Tuesday, July 24, 2007

Australian Dollar Blown Up by Greenhouse Gas

A very insightful commentary by Terry McCrann writing for The Australian:

...The somewhat more complex question is why demand for the Aussie has been so strong. Every other time we've had big deficits we've had a weak currency.

They were beginning to look endemic -- hence those less than flattering terms in the opening paragraph.

The answer is, of course, China, with again a little bit of help from the RBA. Not in the currency market but in setting official interest rates in Australia, and hence the bank borrowing rates which have been the principal means of bringing that foreign money into Australia.

...Enter the paradox. The core driver of our rising dollar -- and pretty much everything else in and around our economy -- is the explosive growth in China's demand for, and consumption of, commodities.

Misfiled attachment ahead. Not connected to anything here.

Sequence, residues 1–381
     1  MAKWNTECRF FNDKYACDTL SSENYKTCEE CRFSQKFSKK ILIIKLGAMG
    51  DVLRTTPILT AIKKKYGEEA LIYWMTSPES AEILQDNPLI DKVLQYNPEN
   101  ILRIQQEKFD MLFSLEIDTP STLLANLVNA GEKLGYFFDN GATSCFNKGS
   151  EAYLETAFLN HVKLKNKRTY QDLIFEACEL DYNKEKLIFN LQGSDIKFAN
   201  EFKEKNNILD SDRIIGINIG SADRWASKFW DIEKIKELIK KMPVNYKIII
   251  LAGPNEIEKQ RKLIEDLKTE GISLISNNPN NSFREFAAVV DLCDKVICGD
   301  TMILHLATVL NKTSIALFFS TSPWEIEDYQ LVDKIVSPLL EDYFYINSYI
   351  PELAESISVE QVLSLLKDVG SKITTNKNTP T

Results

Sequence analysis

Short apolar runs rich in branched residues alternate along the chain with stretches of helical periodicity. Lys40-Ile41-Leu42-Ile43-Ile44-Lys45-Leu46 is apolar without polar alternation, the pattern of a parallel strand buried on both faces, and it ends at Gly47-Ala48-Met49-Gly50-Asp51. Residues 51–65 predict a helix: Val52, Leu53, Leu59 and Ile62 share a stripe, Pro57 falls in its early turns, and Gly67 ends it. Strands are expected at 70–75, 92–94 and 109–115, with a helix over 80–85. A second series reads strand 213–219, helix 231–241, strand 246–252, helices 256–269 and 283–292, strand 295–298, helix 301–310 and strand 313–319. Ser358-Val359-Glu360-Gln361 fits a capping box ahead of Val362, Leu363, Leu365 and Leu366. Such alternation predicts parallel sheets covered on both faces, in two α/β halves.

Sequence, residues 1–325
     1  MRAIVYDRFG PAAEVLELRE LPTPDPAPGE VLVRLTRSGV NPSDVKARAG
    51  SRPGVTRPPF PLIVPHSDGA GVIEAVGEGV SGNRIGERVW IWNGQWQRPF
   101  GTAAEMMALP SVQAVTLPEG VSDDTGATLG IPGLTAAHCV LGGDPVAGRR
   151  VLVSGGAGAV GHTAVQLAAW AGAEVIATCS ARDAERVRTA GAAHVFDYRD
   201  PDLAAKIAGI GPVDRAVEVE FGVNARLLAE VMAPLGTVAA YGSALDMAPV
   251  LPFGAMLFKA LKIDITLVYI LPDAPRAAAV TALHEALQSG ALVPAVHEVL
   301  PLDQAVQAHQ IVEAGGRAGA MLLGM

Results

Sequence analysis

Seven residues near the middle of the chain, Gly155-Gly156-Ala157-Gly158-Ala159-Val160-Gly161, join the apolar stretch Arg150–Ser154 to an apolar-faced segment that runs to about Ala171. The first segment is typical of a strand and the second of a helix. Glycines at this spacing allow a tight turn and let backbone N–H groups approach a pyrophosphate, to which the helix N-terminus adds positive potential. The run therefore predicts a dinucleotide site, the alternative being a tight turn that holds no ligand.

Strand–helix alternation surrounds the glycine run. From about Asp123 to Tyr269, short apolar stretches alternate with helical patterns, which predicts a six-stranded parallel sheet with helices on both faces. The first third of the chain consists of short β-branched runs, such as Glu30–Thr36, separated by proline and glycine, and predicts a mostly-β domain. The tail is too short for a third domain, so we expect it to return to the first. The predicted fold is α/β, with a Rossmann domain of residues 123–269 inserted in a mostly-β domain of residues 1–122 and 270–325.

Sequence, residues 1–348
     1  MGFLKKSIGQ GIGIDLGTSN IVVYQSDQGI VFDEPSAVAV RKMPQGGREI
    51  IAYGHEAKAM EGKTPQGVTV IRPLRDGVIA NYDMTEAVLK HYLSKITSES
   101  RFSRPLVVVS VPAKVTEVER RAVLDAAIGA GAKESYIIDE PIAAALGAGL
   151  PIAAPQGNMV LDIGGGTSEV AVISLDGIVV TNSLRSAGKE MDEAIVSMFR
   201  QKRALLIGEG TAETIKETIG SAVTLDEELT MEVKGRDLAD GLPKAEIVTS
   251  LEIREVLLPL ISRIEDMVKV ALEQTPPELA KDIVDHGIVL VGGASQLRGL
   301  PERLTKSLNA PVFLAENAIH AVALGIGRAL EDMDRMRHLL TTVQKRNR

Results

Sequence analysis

Principally, so far as we are concerned, iron ore to make steel and coal to generate power. Along with pretty much everything else -- globally importantly, oil and copper.

In short, not to put too fine a point on it: our dollar is pivoting on a truly momentous eruption of greenhouse gases. Yet we and the world are -- at least hypothetically -- committed to not just capping that eruption, but reversing it.